Niké theology

Niké made “Just do it” a recognized slogan. It almost seems many preachers and counselors ought to wear T-shirts with Niké logos, and pulpits – like NASCAR racers — ought to sport the Niké brand name.

“Have courage (or “faith” or “hope” or “peace”; fill in the blank). You can do it. Here is some equipment to help you: 8 Really Wonderful Ideas to Unleash Dormant [Courage] in Your Life. Do this. And this. And this. Stop doing that. And that. Then do this. You’ll be [brave] in no time!”

Just do it.

“Our members are drifting. What should we do?”

“We need to take them through this “How To” study. It will teach them How To grow (or “love” or “have a better marriage” or “develop faith”; fill in the blank).”

“I’m tired of taking them through How To studies. Why can’t they learn to learn how to How To on their own?”

“They’re just sheep. We need to teach them to learn.”

“OK. So there’re two programs. We’ll do a How To on how to How To, and then they’ll do a How To on how to develop [blank]. Two new programs ought to hold them for a while! There’s lots for them to start doing. I hope they’ll do it.

How often has a counselor secretly wanted to scream this during a counseling session?

I feel so awful. I keep reading these magazines (or “lying to my boss” or “wasting my time”; fill in the blank). I know I ought to stop, and I really want to stop, and I really try to stop, but I …

JUST DO IT!!

I seriously intended to start reading my Bible every day, but I just got caught up with [excuse]. I know I should do it, and I really want to do it, I don’t want to be the kind of person that doesn’t do it, but I…

JUST DO IT!!

Of course, the reason it isn’t shouted at the counselee is because that just wouldn’t be nice, or sensitive, or helpful. The fact that it is legalism is not considered. Nor that it is a legalistic answer to a problem created by legalistic striving. The counselee is aware of the law that condemns their sin, they are aware of their guilt, they know what behaviour is required of them, and they are seeking — at some level, no matter how pitiful — to get there. But their idols are intact, their striving is Christless, and the best outcome they can get from “Niké theology” is to be a more accomplished legalist, a refined and acceptable legalist, a sincerely trying legalist — a Pharisee.

Actually, there are several things wrong with “Niké theology”. It seeks to empower change by addressing the will directly, without reference to the motives within the heart – the “affections” as Edwards spoke of them. Until these heart-inclinations are changed, until the idolatrous affections are killed by the “Expulsive Power of a New Affection” (a must-read article), no real change can occur. “Niké theology” doesn’t undertake any deconstruction of our idols or the cultural “powers” at work.

And it doesn’t declare the news of the Great Rescuer who has accomplished for us, in his life, death, and resurrection, all that we simply could not do.

Yesterday I wrote about the three kinds of legalism. This is the 3rd kind. It is the teaching of rules and principles without teaching the gospel, without seeing what the Saviour has done and is doing. It leaves people digging deeper into themselves, trying harder, and hoping in the power of these new tools and suggestions and steps we’ve given them. As Mark Lauterbach has recently written (in an article that should be completely read and committed to heart):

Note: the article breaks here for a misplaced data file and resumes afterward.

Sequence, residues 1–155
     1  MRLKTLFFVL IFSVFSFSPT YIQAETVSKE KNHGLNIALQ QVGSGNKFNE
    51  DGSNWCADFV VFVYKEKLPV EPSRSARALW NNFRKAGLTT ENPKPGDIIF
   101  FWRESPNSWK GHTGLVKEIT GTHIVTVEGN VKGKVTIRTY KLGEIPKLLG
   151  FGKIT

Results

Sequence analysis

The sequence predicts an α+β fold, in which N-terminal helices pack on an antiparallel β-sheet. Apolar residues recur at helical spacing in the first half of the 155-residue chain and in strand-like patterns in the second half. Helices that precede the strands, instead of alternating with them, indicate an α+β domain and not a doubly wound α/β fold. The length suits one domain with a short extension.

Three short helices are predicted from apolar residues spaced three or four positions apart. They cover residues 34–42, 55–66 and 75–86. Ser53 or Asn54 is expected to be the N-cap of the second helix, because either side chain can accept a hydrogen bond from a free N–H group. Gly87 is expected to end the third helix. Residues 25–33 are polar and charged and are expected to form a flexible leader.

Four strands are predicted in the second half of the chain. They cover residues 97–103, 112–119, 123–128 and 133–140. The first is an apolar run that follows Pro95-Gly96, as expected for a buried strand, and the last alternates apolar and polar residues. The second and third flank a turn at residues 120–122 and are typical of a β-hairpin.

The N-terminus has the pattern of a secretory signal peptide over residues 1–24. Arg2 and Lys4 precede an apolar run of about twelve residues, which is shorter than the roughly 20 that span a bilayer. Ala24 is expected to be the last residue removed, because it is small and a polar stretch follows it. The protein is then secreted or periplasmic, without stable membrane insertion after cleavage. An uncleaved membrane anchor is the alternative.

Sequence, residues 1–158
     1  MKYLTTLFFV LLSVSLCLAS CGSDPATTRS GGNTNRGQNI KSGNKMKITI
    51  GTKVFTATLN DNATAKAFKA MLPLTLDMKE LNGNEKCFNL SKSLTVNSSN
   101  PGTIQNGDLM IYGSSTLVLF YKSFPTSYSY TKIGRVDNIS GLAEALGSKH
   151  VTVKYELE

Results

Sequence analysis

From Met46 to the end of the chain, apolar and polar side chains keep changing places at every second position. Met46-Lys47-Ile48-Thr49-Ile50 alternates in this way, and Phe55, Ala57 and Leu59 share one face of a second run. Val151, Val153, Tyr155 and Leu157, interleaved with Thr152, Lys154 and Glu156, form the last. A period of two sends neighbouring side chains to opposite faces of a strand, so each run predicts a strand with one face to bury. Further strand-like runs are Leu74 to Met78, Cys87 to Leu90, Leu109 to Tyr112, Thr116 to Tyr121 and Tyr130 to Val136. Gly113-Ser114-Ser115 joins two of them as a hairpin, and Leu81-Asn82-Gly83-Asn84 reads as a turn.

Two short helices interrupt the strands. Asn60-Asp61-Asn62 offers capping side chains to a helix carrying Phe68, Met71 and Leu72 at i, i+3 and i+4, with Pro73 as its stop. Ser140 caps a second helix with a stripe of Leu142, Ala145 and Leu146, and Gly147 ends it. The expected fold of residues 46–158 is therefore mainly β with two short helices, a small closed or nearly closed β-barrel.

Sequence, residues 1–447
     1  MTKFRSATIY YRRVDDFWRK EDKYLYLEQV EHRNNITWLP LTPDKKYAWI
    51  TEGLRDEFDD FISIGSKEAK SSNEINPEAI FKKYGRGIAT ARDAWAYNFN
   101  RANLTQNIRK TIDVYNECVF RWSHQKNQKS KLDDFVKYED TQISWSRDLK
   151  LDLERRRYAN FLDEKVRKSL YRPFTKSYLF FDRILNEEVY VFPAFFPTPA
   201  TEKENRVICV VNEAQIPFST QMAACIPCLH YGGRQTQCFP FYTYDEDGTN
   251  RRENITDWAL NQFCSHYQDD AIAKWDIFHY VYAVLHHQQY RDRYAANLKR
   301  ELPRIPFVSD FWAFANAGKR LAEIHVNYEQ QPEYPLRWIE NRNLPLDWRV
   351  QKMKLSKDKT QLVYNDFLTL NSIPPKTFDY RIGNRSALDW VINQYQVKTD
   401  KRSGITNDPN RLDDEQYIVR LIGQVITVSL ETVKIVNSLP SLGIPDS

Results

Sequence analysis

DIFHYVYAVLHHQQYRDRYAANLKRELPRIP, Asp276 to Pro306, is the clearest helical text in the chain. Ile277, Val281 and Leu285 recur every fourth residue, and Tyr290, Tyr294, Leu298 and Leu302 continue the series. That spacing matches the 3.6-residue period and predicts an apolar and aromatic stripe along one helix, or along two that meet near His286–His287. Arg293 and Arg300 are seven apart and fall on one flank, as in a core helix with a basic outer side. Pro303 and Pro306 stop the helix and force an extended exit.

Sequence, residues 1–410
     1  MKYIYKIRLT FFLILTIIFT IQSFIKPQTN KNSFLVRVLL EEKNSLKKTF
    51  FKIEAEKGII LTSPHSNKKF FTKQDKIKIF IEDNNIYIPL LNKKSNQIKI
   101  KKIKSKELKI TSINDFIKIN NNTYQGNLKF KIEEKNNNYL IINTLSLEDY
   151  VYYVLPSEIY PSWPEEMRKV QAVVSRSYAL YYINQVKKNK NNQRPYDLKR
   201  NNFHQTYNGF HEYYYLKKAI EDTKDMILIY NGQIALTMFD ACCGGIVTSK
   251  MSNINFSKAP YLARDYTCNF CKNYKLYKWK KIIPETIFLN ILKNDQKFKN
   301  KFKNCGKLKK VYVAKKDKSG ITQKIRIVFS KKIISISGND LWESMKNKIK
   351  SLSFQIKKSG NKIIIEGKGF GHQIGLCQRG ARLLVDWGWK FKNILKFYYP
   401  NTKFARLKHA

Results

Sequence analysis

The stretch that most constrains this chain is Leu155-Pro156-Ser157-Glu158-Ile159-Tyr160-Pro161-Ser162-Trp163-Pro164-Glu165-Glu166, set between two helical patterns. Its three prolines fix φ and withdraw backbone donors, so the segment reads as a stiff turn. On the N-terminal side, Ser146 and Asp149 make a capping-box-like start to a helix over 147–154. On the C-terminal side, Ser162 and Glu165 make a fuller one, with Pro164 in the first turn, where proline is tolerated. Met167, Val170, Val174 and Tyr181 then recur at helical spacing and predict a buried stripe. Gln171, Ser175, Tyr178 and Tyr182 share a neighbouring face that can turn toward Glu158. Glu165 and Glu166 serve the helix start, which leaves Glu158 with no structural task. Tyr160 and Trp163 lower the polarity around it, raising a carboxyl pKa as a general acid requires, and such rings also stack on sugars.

“If people leave my preaching confident in the rules and principles I have given them, I have preached a false Gospel. If they leave the room confident in the faithful grace and power of the Savior to work in them as they seek to obey — I have preached the Gospel.”

I was once at a church where the guest speaker was a Christian who had served his country in the Vietnam war, and had suffered terrible things there, and had triumphed with courage and grit and stubborn refusal to give up. His was an amazing, wonderful story and he was an amazing, wonderful man. He was inspiring. He left us all desperately believing we could be more than we had been. As people left the service, they spoke of how they had been convicted of not trying hard enough, inspired to try harder, and how they were certain their lives had been changed.

Changed into better Pharisees, perhaps.

Because, in other words, they left steeped in legalism. “Power” without gospel. Effort without a Saviour. A heart determined that I will be all I can be, not I am nothing apart from Jesus Christ, and all I can be is in Him.

The gospel challenges our idolatries – one of the greatest of which is simply self. Legalism creates a form of obedience but leaves the idolatries intact. Sometimes this can be extremely subtle, both in individual life and in the body life of the church. Tomorrow I’ll try to bring that to more light with my post “If my daughter were a Pharisee.”

‘Til then,

Cast your deadly “doing” down—
Down at Jesus’ feet;
Stand in Him, in Him alone,
Gloriously complete.

If that tweaked your interest, read the whole hymn (you may want to mute your speakers first).

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Explore posts in the same categories: Christ-centered preaching, Gospel

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